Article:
Auto Club Speedway was in the process of being sold from Penske Motorsports to International Speedway Corporation, which reacted quickly to his fatal crash. Following similar changes at ISC's Daytona International Speedway in 1984 (on the Turn 4 side) and 1995 (on the backstretch) and Talladega Superspeedway in 1995 (start-finish line section) and 1998 (Turn 2 and Turn 4), ISC paved over the backstretch infield at both Auto Club and Michigan.
CART mandated a head-and-neck restraint system on ovals shortly afterwards, with the rule eventually being mandatory on all tracks. The most common of these restraint systems is the HANS device; however, it is unknown whether such a device would have saved Moore.
Moore's contract with Penske Racing became the source of controversy nine years later because of the accident. United States authorities indicted Hélio Castroneves on tax evasion charges stemming from the way Castroneves' contract with Penske Racing was signed shortly after Moore's death. It was later proven Miller had taken Moore's contract, hastily placed Castroneves' name and representatives over Moore's name and representatives on all contractual papers, and had Castroneves sign the contract in a hurried effort to have Penske Racing's 2000 season plans readied within a short deadline, not knowing tax differences between Moore's legal Cayman Islands residence and Castroneves' legal Miami residence.
CART retired Moore's car number, 99, as a mark of respect after his death (although since the merger, the number is not retired by the IndyCar Series), and presented a trophy annually called the Greg Moore Legacy Award. It is given every year to a driver who best typifies Moore's legacy of outstanding talent on track, as well as displaying a dynamic personality with fans, media, and within the CART community. As Moore was a product of the CART Ladder System, having competed in the Indy Lights Championship from 1993–95 and won the series title in 1995, drivers from The Atlantic Championship series were also eligible for the award. Bridgestone, which in 2008 began sponsoring the award, purchased the award, giving it to a deserving Indy Lights driver. Moore was posthumously inducted into the Canadian Motorsport Hall of Fame in 2000.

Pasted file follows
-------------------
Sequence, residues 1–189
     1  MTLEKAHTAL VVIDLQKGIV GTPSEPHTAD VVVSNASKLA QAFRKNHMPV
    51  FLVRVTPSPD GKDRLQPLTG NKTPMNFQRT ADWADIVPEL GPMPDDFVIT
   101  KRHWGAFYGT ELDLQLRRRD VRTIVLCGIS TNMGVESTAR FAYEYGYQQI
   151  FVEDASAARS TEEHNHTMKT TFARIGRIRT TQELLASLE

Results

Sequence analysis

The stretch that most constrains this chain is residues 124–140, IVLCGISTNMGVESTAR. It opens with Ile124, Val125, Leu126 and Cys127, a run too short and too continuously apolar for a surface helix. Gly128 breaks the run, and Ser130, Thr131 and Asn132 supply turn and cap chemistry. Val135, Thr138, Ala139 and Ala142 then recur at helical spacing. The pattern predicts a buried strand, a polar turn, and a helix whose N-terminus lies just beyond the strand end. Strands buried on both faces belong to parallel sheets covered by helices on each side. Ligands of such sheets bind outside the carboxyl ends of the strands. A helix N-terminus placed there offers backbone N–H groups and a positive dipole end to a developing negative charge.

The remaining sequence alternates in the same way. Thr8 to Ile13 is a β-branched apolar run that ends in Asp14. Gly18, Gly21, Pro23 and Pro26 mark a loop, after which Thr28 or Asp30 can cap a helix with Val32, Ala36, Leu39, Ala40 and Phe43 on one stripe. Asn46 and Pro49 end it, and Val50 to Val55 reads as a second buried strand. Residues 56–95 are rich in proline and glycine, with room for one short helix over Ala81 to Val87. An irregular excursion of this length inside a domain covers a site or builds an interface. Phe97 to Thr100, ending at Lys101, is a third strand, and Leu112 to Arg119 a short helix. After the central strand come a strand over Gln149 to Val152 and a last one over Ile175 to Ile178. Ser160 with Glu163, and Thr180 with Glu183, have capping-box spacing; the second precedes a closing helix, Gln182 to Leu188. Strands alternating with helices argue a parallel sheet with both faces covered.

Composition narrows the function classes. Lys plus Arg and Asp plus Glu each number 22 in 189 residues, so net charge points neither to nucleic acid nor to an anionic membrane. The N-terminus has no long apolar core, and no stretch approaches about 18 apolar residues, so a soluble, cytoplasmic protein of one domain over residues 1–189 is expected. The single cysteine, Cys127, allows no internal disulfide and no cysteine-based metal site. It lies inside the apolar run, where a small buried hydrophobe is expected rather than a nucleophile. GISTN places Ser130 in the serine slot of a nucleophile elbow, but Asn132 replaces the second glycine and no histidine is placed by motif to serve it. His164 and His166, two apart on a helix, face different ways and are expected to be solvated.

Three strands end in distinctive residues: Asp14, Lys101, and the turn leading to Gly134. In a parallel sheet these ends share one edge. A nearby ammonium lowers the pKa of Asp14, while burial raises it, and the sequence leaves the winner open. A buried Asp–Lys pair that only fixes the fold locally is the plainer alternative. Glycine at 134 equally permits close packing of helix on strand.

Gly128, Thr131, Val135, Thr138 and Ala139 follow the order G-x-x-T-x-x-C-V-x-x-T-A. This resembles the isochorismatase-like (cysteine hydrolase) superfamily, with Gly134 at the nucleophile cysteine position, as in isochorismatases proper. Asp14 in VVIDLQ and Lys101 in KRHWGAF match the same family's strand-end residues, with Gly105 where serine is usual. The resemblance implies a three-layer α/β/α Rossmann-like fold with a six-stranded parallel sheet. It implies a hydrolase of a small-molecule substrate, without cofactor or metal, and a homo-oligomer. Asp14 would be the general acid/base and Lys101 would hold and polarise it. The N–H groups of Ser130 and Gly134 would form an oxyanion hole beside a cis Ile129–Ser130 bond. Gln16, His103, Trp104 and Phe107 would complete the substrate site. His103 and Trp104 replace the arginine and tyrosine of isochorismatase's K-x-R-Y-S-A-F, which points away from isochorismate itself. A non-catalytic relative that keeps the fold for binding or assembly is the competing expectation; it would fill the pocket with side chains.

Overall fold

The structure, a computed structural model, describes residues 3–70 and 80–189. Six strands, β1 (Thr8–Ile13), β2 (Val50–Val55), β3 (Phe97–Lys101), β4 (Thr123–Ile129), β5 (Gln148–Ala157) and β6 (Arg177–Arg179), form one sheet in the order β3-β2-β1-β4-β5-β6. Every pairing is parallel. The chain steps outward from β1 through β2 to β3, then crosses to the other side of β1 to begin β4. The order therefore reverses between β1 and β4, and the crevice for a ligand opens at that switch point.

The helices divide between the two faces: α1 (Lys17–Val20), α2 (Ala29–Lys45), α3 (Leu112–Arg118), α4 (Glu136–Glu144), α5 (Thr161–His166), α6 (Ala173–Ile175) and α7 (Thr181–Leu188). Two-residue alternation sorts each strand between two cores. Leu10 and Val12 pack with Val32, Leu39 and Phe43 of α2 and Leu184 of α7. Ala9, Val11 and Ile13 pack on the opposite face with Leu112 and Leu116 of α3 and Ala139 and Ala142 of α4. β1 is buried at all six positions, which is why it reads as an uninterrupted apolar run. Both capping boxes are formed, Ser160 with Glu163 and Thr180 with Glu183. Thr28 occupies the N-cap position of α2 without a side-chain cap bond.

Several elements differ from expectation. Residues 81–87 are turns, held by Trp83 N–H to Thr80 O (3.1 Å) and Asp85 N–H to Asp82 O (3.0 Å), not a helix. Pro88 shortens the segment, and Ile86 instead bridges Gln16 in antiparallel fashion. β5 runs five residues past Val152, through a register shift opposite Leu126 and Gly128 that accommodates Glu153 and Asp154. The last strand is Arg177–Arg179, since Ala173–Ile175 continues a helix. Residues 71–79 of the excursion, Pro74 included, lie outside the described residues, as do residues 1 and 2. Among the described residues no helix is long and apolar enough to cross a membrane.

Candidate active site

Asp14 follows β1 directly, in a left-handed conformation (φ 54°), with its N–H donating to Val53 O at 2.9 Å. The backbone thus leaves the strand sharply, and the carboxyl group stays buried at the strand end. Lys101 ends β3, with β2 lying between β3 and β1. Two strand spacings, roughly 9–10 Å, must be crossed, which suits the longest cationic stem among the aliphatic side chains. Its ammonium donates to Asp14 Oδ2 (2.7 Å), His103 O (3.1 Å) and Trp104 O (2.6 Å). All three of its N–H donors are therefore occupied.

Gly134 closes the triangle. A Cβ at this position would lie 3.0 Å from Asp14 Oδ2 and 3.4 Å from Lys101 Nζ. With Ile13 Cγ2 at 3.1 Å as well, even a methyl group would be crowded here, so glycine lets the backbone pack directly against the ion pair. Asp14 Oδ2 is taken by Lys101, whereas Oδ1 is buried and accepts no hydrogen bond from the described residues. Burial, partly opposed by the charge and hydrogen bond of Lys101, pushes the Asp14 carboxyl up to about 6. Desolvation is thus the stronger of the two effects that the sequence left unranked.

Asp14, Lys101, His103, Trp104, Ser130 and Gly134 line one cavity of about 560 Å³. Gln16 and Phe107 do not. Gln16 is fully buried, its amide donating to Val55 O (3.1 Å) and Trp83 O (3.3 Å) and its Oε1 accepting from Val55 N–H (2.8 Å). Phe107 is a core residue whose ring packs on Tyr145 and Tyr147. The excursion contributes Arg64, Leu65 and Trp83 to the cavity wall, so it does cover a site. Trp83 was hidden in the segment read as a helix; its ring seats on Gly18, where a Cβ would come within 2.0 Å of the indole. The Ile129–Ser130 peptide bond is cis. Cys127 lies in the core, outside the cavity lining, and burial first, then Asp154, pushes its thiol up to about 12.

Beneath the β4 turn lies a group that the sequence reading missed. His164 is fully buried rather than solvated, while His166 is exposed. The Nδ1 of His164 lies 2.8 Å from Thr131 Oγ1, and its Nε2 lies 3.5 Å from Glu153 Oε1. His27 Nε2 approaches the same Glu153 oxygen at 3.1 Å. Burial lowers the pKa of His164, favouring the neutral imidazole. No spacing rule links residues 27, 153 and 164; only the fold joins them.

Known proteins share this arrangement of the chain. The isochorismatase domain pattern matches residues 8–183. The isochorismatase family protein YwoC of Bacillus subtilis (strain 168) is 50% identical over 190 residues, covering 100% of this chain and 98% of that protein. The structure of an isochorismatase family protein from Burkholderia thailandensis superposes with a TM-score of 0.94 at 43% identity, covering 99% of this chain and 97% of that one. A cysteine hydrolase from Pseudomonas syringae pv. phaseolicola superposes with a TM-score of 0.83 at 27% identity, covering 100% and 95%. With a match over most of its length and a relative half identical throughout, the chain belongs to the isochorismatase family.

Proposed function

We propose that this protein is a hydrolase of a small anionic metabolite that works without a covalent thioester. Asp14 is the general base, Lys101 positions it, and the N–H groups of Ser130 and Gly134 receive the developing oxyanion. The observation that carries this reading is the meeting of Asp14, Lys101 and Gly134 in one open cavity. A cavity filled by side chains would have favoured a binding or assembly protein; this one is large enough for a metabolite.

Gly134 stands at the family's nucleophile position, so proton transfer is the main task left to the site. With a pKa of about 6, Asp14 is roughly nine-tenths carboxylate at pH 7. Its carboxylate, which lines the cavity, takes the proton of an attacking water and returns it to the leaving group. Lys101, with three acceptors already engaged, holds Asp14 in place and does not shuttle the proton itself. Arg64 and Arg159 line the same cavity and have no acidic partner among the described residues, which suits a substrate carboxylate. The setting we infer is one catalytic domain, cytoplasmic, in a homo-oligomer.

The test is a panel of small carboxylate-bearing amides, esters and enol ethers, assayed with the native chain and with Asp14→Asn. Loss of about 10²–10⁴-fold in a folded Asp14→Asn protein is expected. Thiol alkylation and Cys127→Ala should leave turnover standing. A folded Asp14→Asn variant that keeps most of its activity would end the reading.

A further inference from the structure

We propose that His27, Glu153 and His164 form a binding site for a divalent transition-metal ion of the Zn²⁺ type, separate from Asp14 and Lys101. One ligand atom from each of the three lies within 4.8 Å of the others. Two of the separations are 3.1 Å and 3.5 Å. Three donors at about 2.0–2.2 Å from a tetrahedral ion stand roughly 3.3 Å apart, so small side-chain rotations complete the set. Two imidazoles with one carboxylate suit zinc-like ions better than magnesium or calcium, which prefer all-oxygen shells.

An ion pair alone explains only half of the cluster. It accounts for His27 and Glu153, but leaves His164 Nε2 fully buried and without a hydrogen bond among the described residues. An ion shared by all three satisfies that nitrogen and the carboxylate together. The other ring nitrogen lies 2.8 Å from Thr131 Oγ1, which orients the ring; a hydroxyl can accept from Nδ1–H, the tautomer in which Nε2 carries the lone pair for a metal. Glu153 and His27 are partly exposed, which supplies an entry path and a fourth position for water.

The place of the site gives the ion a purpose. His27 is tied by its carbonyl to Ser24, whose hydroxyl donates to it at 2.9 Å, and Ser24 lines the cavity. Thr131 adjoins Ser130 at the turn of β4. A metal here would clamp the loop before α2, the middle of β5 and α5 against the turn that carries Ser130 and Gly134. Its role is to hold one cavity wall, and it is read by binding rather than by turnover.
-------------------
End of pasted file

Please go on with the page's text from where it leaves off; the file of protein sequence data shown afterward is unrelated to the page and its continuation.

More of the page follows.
Moore was responsible for introducing Dario Franchitti to his future wife, actress Ashley Judd. Moore brought Franchitti to a party hosted by his friend, actor and fellow Vancouverite Jason Priestley and it was at that party that Franchitti met Judd. Franchitti dedicated his win in the Molson Indy Vancouver race in 2002 to Moore's memory. When Franchitti won the last IRL race at the Auto Club Speedway in 2005, the Andretti Green Racing team drove their cars to the exit of Turn 2, where Moore had his fatal crash, for their victory celebration. After winning his second IndyCar championship, an emotional Franchitti dedicated his win to Moore ten years on from his death. During pole day for the 2012 Indy 500 fellow Canadian James Hinchcliffe raced with Greg's glove giving the fallen driver his first laps in an IndyCar at the Brickyard.
Moore is remembered in his hometown. Banners in tribute to him hang in the schools he attended, Meadowridge School and Pitt Meadows Secondary. The Maple Ridge Youth Centre, opened in 2003, was named the Greg Moore Youth Centre in his honour. The McDonald's on the Lougheed Highway in Maple Ridge has a trophy case with memorabilia dedicated to Moore. Ridge-Meadows Hospital in Maple Ridge also has the Emergency department named after him. There is a Go-Kart track in Chilliwack named "Greg Moore Raceway " His father Ric Moore, an active member of the community, continues his legacy through the Greg Moore Foundation. Moore's remains are interred at Robinson Memorial Park Cemetery in Coquitlam, British Columbia. A memorial stone is placed beside a tree with writing that briefly discusses his childhood and the incidents surrounding his death. A memorial granite bench is also placed nearby.
In July 2013, Moore was named by Autosport magazine as one of the 50 greatest drivers to have never raced in Formula One.
(key) (Races in bold indicate pole position) (Races in italics indicate fastest lap)
NOTE: Two races were run at Michigan International Speedway in 1996.
(key) (Bold – Pole position. * – Most laps led.)